LOS ANGELES — University of California President Janet Napolitano wants to expand enrollment of undergraduates from California by 5,000 next year and another 5,000 by the 2018-19 school year, according to a proposal released Monday.
The plan to boost in-state enrollment by a total of 10,000 students is partly a reaction to public and legislative unhappiness over rising numbers of undergraduates from other states and countries at the UC system, particularly at UCLA and UC Berkeley.
Some of the funding for the new proposal would come from phasing out UC and state aid for low-income students from outside the state; the very existence of such aid has riled some legislators.
A 10,000-student increase would amount to an approximately 20 percent rise over the nearly 50,000 new in-state freshmen and transfer students who enrolled this fall.
The UC regents are scheduled to discuss and vote next week on the matter, which was part of the budget included in the agenda posted online Monday for the San Francisco meeting.
The Legislature last spring allocated an additional $25 million to UC to increase the number of in-state undergraduates by 5,000 no later than 2016-17. Napolitano said that would pay for only half the cost and that the university would come up with another $25 million needed for next year. The university would then seek rising amounts from the Legislature and governor for an additional 2,500 California students in 2017-18 and another 2,500 the following school year.
UC officials are assuming that the Legislature will “continue to support access for California students,” Napolitano said in a telephone interview.
Details of how many extra students each campus can accommodate still are being studied. Napolitano again emphasized that all nine undergraduate campuses would enroll a significant amount, even UCLA and UC Berkeley where demand for admission is strongest.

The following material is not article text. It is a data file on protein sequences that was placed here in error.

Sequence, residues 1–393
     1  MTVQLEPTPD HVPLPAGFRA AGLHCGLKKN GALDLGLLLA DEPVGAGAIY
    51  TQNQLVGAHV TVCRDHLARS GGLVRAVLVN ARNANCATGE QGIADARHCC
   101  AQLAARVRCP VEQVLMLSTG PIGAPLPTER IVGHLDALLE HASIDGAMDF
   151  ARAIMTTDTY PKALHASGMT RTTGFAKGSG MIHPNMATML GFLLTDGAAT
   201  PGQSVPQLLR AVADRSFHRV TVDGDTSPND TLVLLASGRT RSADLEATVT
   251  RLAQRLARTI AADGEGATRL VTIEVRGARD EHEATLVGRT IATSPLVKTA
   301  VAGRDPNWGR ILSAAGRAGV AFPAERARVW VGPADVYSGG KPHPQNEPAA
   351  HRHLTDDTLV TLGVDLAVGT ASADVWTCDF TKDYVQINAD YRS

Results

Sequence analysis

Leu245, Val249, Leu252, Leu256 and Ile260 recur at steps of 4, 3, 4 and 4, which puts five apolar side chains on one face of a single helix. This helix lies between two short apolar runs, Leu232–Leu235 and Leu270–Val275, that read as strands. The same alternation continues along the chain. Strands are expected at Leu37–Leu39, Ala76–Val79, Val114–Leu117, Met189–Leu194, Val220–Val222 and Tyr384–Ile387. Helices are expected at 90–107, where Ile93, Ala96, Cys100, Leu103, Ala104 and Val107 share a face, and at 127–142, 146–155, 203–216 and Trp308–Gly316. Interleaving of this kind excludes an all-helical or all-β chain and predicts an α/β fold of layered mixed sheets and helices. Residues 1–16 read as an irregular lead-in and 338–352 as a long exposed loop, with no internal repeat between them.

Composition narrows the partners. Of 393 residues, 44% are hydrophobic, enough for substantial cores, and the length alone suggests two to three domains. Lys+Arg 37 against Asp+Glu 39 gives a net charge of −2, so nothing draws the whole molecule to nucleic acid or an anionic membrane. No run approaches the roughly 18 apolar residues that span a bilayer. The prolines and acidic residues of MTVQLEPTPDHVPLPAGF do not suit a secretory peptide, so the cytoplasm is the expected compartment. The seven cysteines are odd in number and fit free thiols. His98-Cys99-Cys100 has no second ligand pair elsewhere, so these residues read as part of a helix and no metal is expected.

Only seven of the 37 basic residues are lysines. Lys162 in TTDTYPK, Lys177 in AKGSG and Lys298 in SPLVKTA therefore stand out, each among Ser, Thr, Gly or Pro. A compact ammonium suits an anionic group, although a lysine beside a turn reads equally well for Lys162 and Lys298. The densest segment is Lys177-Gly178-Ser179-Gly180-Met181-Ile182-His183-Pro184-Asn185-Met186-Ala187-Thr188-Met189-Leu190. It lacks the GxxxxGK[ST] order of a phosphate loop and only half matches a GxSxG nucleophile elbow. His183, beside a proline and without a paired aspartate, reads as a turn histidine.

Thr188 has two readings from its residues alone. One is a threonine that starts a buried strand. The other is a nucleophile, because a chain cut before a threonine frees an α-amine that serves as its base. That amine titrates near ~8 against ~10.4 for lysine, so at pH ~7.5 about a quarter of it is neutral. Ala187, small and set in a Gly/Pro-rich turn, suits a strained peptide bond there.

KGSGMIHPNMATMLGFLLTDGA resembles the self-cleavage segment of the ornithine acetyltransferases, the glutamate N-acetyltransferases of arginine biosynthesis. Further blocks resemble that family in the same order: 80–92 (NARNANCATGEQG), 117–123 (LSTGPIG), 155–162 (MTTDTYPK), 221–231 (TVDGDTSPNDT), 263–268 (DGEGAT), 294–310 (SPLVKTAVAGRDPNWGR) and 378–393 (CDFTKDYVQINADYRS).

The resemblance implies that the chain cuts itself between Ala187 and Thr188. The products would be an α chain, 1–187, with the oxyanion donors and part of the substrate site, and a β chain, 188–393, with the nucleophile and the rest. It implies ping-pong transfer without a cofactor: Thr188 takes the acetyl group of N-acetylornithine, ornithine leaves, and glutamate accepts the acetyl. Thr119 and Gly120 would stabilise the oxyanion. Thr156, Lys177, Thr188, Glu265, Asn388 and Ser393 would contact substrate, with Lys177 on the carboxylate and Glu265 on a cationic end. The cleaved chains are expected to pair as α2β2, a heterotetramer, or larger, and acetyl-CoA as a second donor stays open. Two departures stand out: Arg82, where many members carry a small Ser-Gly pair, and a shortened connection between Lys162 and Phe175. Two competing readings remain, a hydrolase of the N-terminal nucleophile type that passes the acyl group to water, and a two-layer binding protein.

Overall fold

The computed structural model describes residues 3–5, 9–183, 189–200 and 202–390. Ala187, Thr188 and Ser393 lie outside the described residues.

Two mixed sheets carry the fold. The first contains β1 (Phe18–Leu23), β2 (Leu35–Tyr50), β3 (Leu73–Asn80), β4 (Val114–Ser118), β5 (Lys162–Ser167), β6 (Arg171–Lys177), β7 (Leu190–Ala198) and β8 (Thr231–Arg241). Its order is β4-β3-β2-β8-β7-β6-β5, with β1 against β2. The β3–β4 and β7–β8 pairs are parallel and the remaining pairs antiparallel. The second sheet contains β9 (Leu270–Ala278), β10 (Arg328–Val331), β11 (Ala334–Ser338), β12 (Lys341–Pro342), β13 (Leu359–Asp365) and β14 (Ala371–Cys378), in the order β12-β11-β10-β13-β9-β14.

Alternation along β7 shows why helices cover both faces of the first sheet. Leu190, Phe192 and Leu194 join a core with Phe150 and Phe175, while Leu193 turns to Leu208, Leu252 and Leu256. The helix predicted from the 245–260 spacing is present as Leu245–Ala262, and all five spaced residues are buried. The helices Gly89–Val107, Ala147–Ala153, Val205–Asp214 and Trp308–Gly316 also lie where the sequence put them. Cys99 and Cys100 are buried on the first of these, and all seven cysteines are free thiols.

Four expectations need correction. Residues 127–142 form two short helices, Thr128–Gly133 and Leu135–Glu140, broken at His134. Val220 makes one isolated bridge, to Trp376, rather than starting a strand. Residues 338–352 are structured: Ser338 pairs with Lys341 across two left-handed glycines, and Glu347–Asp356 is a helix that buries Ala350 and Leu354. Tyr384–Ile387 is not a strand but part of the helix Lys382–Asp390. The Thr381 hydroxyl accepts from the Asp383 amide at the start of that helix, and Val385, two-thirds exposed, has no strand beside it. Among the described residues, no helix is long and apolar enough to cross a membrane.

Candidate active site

UC officials are “now working through the logistics of housing, laboratory availability and classroom sizes,” she said.
While boosting Californians, the plan also would continue to increase the ranks of students from other states and nations, but at a slower rate than in recent years. It projects an increase of 1,200 for next fall, compared with about 1,660 more this fall.
Students from outside the state pay tuition that is about triple the $12,200 amount Californians pay, and out-of-state tuition will be hiked each year even as it remains frozen for Californians through at least the 2016-17 school year.
This fall, about 20 percent of the 62,000 new freshmen and transfer students across all nine UC undergraduate campuses are from outside California, although the share is higher at UCLA, UC Berkeley and UC San Diego.
Low-income students from outside the state who are currently enrolled will not be affected by the plan to phase out UC grants, but future students will no longer receive them. The new budget proposal estimates that will save UC about $14 million next year, with the money put toward expanding California enrollment.
In addition, UC is seeking to enroll 600 more graduate students by 2016-17, in part so there will be enough teaching assistants to help lead discussion groups and lab sessions for the extra undergraduates.
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